You may remember the story from earlier this year of a homeless man who was blessed each week with a meal provided by a ministry at First United Methodist Church of Charlotte; one Sunday he decided to give back. Written on the back of an offering envelope he wrote, “Please don’t be mad, I don’t have much. I’m homeless. God Bless.” Rev. Patrick Hamrick, their Finance Minister says he was equally stunned by the words and the contribution [YouTube video below].
The story captured the heart of the nation and much of the world as the story spread through social media. With all the media attention there came offers of recognition but he chose to stay anonymous. His gift was sacrificial and from his heart – it’s a modern day example of the Widow’s Mite (Mark 12:41-44).
No one could argue that Jesus was pleased because of the honor and humility his gift held. It was a true sacrifice. It can be easy when the fundraising pressure is heavy, to open a check or review your recent online donations and see amounts that are small and feel a bit crestfallen. Many of your strategies may be built around cultivating major gifts. The danger of becoming jaded or worse, to propagate a culture of “organization-centric” fundraising vs. one that is “donor-centric” is real and requires diligence to avoid.
Recognize Your Small Gifts
When the bottom line becomes the focus, smaller gifts can easily become a part of the background and be lost in the shadow of the large donations you may be receiving. It’s imperative to maintain your perspective on the beauty of every gift.
I have the privilege of volunteering and supporting a local non-profit here in Spokane called, Big Table. Big Table’s missing is to see the lives of those working in the restaurant and hospitality industry transformed by building community around shared meals and caring for those who are in crisis, transition, or falling through the cracks. I’ve had the chance to talk with some of the servers who have benefited from the care of Big Table. On more than one occasion they shared that after receiving the care of Big Table they in turn start donating; they want to pay it forward for the next person. One server told me, “It’s not always easy to make that donation each month, but I know how it important it is because I’ve experienced their care first hand.”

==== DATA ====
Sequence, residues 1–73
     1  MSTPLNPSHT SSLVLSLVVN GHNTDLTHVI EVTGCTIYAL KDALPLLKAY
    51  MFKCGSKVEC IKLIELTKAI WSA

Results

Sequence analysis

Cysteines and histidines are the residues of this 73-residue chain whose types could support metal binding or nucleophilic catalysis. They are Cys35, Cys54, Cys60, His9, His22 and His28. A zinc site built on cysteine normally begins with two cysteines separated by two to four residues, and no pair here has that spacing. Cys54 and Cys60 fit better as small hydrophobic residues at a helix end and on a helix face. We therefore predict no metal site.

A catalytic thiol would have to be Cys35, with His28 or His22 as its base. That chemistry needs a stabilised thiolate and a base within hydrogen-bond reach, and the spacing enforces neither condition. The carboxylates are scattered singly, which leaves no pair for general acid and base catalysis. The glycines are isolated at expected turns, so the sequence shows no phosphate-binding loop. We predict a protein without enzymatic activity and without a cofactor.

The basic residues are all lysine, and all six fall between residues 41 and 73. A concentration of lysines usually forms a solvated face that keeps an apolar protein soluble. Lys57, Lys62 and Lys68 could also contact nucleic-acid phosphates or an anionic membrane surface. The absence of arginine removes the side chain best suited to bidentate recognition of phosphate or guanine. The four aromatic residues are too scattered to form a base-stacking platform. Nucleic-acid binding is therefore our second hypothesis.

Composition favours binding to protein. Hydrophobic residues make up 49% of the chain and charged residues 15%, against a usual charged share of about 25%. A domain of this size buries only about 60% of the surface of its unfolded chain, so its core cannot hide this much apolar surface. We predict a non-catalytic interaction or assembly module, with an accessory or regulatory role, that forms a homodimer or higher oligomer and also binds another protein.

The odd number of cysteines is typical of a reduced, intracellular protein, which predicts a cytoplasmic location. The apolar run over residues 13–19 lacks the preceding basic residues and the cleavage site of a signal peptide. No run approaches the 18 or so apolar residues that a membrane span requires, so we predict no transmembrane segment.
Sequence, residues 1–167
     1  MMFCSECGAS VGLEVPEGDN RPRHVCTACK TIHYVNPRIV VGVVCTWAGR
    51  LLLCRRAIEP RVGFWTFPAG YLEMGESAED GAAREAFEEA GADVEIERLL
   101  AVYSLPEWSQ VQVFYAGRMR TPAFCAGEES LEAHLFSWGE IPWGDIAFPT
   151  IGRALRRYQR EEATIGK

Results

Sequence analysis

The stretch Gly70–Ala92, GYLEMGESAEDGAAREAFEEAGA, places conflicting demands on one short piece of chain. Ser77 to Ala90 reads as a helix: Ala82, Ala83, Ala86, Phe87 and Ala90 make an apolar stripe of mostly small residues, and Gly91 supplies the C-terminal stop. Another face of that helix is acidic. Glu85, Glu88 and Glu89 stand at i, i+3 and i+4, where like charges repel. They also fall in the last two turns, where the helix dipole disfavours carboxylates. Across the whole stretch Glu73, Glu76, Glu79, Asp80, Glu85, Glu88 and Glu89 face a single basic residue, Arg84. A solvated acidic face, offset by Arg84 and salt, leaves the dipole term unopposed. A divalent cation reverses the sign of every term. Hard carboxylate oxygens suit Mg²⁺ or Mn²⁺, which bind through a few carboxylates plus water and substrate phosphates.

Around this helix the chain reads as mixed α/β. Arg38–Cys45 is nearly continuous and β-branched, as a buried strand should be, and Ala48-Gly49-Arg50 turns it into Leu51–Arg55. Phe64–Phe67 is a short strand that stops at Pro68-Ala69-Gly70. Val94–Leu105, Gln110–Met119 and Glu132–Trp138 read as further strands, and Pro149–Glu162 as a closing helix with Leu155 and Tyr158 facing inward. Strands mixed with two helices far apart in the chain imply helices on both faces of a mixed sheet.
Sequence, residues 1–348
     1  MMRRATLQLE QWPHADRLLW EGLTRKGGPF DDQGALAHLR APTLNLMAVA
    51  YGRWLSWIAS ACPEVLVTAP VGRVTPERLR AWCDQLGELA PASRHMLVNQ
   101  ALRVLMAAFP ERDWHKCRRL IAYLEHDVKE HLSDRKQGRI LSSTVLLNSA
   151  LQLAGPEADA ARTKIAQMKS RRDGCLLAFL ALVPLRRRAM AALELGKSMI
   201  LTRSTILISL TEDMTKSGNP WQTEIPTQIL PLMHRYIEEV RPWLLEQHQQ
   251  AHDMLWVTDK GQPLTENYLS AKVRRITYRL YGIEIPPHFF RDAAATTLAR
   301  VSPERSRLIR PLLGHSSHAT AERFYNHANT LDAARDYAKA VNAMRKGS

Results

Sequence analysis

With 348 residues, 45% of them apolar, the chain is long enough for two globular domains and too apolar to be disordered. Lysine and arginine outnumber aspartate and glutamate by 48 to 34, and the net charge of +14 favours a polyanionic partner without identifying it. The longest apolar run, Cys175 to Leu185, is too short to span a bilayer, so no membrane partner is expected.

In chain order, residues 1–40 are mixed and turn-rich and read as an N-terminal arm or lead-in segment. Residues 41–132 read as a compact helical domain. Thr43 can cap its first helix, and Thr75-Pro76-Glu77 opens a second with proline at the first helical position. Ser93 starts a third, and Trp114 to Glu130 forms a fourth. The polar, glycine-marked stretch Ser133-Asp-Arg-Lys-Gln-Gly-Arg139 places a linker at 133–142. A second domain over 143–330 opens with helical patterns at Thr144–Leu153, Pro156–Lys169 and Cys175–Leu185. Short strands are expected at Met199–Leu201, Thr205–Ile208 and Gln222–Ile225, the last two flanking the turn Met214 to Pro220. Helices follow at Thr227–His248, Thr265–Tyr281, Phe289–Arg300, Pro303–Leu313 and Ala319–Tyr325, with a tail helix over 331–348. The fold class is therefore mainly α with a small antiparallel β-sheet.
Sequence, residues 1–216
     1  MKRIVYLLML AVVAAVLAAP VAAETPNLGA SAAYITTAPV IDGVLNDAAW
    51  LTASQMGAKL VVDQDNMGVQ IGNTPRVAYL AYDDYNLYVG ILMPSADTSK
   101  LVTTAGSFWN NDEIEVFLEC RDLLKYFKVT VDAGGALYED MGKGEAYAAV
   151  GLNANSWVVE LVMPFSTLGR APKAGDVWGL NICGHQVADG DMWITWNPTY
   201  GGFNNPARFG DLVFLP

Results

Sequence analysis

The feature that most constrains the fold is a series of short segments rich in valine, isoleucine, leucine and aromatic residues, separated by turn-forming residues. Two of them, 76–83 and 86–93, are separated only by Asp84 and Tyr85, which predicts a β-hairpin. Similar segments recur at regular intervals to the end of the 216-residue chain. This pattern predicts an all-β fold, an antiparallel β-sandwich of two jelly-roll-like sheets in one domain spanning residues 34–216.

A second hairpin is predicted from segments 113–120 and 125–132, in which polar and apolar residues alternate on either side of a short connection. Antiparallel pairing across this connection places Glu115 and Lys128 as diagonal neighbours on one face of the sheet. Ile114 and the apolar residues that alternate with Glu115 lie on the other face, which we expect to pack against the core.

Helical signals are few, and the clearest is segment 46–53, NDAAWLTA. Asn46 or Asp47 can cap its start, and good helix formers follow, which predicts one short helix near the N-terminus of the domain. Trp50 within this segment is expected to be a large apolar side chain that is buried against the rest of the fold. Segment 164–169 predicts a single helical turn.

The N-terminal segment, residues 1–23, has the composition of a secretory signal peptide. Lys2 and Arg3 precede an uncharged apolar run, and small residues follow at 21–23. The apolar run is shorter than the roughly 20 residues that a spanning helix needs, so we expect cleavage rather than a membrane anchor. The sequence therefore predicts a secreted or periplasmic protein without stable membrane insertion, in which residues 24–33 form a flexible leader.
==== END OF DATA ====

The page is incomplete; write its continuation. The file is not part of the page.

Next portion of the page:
Cultivating Those Small Gift
Small gifts need to be honored not only because they are a beautiful sacrifice, but sometimes they can represent someone who is invested in your organization’s mission but may be hesitant to give more. They may need to know a bit more about you. They may want to see how you received their initial gift and what you will do with it.
When these donors are swept up into an autopilot program of “thank yous” and email newsletters you are missing an important opportunity to build relationship. This is why having a strategic plan to connect with donors to find out what motivated their gift is a must. Engage with those passion points from the onset and follow up with meaningful ways their donation made an impact. When you build this type of relational foundation with your donors the opportunity to make a deeper investment becomes a much more natural conversation – the donor feels heard, known, and their donation (no matter how small) has been honored. This creates a perception that colors all your efforts and communications. Much like any first impression does. Is this a big time commitment? It is. However; starting that stewardship investment right will pay dividends down the road.
A ‘Thanks’ That Has Impact
You all know the importance of a timely gift acknowledgement… you’ve read the blog posts already. You’ve got this down. But is your thank you saying “Thank you for your money, it helps us do more stuff” or are you saying, “Thank you. Your gift is treasured.” Donors need a bit of both and there are a variety of ways you can accomplish this: the language you choose to use in your acknowledgements, is it perfunctory or heartfelt? Incorporate meaningful images of your organization fulfilling its mission or provide a token of some kind the donor can display to remind them of their connection and partnership with your organization. No matter how you choose to convey your gratitude, make sure it is passionate, sincere, and meeting the donor where they are at.